I fundamentally believe that rare whiskey is meant to be consumed—not collected.
Vintage wine may require decades to achieve perfection, but exotic single malt whisky and small batch bourbons are aged in barrels for 18, 25, and even 50 years before they’re even released. Beyond saving them for an extra-special occasion or flipping them on the lucrative black market (or in this case amber market), these hard-to-come-by bottles should be enjoyed. That’s why they have tops.
But some rare bottles and vintages are scarcer than others.
Take for example, there’s the perpetual mad hunt for Kentucky bourbon Pappy Van Winkle—where aficionados are willing to pay aserious markup from the distiller’s suggested retail price. (The 15-, 20-, and 23-year are supposed to cost no more than $300). But because only 6,000 cases are produced each year, die-hard fans accept that $1,000 to $4,000 is a small price to pay.
And Pappy is not the only one with a dedicated following.
These seven whiskies are not easy to track down—even Captain Ahab himself might give up looking for a bottle of The Glenlivet Winchester Collection’s Vintage 1964. You almost need to commit to the big buy. Trust me on this one: They’re going be even more difficult to find in a few months. But they’ll certainly be worth the investment.
Royal Salute 38-Year-Old Stone of Destiny ($750)
Named after the coronation stone of ancient Scottish Kings (also known as the Stone of Scone), this blended Scotch is made from whiskies that are no younger than 38 years old. It’s a relatively new release by Chivas Regal, with the exception of a 50-year-old commemorative blend released more than a decade ago. And it’s deliciously complex—so much so that single malt snobs wouldn’t dare utter a word against it. If the price tag is a deterrent, consider its packaging: the whisky lives in a Révol porcelain flagon topped with a 24k-gold-plated stopper. But be swift. There are only 600 bottles out there and only a third are in the U.S. Buy here.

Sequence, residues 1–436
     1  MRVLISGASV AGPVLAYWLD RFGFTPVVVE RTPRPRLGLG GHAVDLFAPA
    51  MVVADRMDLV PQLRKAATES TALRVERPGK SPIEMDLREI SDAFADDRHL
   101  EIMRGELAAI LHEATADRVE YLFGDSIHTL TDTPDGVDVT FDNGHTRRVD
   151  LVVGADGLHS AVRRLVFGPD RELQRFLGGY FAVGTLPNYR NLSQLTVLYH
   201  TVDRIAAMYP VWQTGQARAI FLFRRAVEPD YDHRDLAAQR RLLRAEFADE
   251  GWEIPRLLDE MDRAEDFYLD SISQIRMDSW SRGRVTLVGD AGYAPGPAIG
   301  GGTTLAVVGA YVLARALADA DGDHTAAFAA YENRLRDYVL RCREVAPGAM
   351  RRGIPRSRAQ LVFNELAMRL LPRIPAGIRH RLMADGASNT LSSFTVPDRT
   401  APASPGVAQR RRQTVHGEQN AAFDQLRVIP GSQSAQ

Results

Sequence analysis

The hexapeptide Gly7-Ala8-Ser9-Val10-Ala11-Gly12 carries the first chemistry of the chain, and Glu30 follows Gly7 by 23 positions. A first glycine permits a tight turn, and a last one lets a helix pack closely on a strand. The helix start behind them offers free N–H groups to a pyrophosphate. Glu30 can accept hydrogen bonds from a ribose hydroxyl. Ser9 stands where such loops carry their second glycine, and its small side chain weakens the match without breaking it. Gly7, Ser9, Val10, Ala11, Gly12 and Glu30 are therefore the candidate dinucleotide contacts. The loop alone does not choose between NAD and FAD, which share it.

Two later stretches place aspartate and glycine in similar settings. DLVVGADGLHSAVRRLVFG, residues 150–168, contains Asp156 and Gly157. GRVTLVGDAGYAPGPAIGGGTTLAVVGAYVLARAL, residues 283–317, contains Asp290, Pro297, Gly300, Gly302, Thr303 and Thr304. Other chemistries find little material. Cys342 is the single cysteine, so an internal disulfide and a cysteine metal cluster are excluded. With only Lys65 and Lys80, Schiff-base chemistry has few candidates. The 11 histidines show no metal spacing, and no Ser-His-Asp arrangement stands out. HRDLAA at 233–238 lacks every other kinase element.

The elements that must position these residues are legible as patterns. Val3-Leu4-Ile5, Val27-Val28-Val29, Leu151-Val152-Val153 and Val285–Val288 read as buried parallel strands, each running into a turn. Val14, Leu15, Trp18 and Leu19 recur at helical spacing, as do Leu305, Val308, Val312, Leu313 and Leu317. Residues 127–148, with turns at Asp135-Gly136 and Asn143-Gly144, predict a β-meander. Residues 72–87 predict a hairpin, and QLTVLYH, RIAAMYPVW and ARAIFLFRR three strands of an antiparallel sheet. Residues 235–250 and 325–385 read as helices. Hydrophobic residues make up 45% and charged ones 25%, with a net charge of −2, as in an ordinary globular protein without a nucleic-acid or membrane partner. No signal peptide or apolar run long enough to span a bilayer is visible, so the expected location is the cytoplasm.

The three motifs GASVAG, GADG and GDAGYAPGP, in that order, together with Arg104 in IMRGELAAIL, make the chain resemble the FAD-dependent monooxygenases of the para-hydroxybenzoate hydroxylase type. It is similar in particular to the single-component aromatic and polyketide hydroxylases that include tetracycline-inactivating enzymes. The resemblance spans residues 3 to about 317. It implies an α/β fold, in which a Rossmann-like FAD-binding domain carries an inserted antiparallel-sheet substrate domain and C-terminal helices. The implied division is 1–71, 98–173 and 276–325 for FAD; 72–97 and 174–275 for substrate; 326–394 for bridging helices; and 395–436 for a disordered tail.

Chivas Regal only distributed 600 bottles of Royal Salute Stone of Destiny for its first release. Only a third are allocated in the U.S.
Yamazaki Single Malt 25-Year ($2,130)
Late last year, in his Whisky Bible 2015, critic Jim Murray deemed Suntory’s relatively inexpensive Yamazaki Single Malt Sherry Cask 2013 the “World’s Best Whisky.” And as you can imagine, it’s already impossible to find. But Suntory has more on offer, such as its 12-yearHibiki and 12-year Yamazaki, both of which are easy to find and moderately priced. They are also equally exquisite. However, if you really want to go all out, get the Yamazaki 25-year single malt. It costs more than $2,000 so don’t count on it to be stocked at your nearest liquor store. But Hong Kong’s Ginsberg + Chan still has a few bottles in stock for HKD $16,000—that’s a little more that $2,100 in U.S. dollars.Buy here.
Mortlach Single Malt 25-Year ($1,150)
I’ve always loved Johnnie Walker Black, which is a blended Scotch in the upper-middle end of the Johnnie Walker portfolio. And for the first time, one of its components—the Mortlach Single Malt—is being bottled by itself, in a number of expressions. There’s the Rare Old ($130), the 18-Year ($300), the 25-Year, and the “Special Strength.” All four are tasty but the 25-Year is what you want—before other enthusiasts snatch it all up. And if you can get them all, why wouldn’t you? Buy here.